mtvU Fellowship Promotes Music and Multiculturalism
The power of music to forge connections across the globe is the focus of a unique fellowship program developed by the Fulbright Program and mtvU. Applications, due March 1st, are currently underway for the 2008 Fulbright-mtvU Fellowships, which would give students the chance to travel abroad and study the way music and media can change the global community for the better.
According to Jason Rzepka, Director of Communications for mtvU, the Fulbright-mtvU Fellowship came about through mtvU’s focus on “providing unique opportunities for college students to launch their careers.” According to Rzepka mtvU’s connections with college culture made the fellowship a perfect fit. “We approached the Fulbright program with this idea in the hopes that they would want to work with us and they were very receptive to the idea,” he said, adding “I think both sides are really thrilled with the way it’s developed.”
In 2007, the first year for the program, over 100 people with research projects appied. The pool was eventually narrowed down to four Fellows. Those selected are provided with round-trip transportation costs, a stipend and media resources such as cameras and recording equipment. For the 2008 fellowships, mtvU and the Fulbright Program are again offering four prizes.
Rzepka views the Fulbright-mtvU Fellowship as a unique opportunity for students interested in music as a force of positive change around the globe. “I don’t know of another program like this where you’ve got a focus on something like the power of music as a global force for mutual understanding. Music has an inherent power to bring people together — to be able to bridge gaps — and we feel that this is a very unique program with a specific focus,” said Rzepka.
The four 2007 Fulbright-mtvU Fellows are currently in the middle of their year-long projects and are working in a variety of media in order to help showcase the broad range of research they’ve developed.
Rzepka noted ingenuity of the research as a crucial part of the program’s success: “I think that if you just look at the fellowships that were granted last year and what those students set off to do, they’re amazing, innovative, merit worthy programs that we could have never envisioned or come up with ourselves. Whenever we kind of pose the question to our audience or give them a blank slate we’re constantly blown away by what they come up with.”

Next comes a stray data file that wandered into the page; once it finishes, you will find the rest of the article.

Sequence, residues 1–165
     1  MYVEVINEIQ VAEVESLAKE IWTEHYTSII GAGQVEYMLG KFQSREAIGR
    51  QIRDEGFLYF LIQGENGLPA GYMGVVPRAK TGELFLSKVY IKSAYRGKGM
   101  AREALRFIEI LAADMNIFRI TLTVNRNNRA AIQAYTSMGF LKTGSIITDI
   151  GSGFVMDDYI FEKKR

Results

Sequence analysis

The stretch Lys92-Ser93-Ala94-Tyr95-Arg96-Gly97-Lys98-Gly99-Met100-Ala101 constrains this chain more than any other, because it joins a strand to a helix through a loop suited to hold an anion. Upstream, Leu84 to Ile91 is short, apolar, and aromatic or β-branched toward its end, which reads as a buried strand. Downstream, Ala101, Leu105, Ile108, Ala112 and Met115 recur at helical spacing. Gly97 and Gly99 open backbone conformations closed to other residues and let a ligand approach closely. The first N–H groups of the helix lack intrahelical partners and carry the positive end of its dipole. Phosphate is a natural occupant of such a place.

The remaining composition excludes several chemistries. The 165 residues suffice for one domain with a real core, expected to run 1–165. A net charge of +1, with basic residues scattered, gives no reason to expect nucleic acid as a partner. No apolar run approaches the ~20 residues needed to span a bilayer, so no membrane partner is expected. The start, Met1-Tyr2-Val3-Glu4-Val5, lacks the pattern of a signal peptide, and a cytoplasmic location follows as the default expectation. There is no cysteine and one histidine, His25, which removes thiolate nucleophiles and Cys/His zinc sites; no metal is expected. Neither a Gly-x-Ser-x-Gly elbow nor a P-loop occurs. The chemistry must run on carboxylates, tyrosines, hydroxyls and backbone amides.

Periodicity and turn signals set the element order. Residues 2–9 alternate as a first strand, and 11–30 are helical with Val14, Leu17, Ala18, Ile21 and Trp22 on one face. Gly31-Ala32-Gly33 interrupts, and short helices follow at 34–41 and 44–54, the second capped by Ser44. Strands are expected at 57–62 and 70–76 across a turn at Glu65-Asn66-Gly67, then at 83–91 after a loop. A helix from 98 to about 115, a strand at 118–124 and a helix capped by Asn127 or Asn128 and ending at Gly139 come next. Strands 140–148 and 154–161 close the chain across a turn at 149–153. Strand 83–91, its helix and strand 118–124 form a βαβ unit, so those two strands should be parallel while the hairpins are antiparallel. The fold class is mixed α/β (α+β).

Phally Chroy, an MFA student at Temple University, is currently studying the reemergence of Cambodian musical forms in the post-Khmer Rouge era. Chory’s work includes shooting a documentary on how youth in Cambodia use traditional music to rediscover their historical roots. James Collins, a 2007 graduate of Harvard University, is also making a film of his project, which studies the impact of marching band music in the lives of lower-class South African youth.
Another 2007 fellowship recipient, Larnies Bowen, is creating a DVD-based audio-visual history of Spanish reggae music in Panama. On her blog Bowen describes the DVD: “Featuring audio clips, short videos, songs, and photos obtained from my fieldwork, [it] will provide a platform for Afro-Panamanians to explain the development and significance of Spanish Reggae music for their culture, community, and nation in their own words and riddims.”
The final 2007 fellowship winner, Aaron Shneyer, a Georgetown University graduate, is developing a year-long music program in Israel. The goal of the program is to bring Israeli and Palestinian high school students together to compose and perform music in their community. Shneyer is also developing a website that showcases videos, photographs and songs of the students.
Naturally, mtvU recruits a group of prominent musicians to serve as judges for the fellowship proposals. The panel of judges for this year’s proposals includes Wyclef Jean, Serj Tankian from System of a Down, Tunde Adebimpe from TV on the Radio and former Oberlin student Karen O from the Yeah Yeah Yeahs. According to Rzepka, the selection of a top-notch group of judges that college students relate to was a priority for mtvU.
Rzepka also notes that the diverse panel works hand-in-hand with the wide range of research ideas presented by students. “I think if you look at each of these artists and their catalog and their music and their philosophy, you see a lot of connection points where this is something they’d be interested in contributing to. I know we had outstanding feedback from the judges last year that helped pick the final four, and these artists in their eclecticism definitely bring a unique vantage point,” said Rzepka.
Overall, Rzepka views the Fulbright-mtvU Fellowships as a learning experience for the fellows, the communities they work in, mtvU and its audience. According to Rzepka, “There’s no denying that music has the power to bring people together, to bridge gaps. Any way that we can make even some small contribution to that through the efforts of these students we feel that that definitely has merit on its base. That’s a great way to contribute.”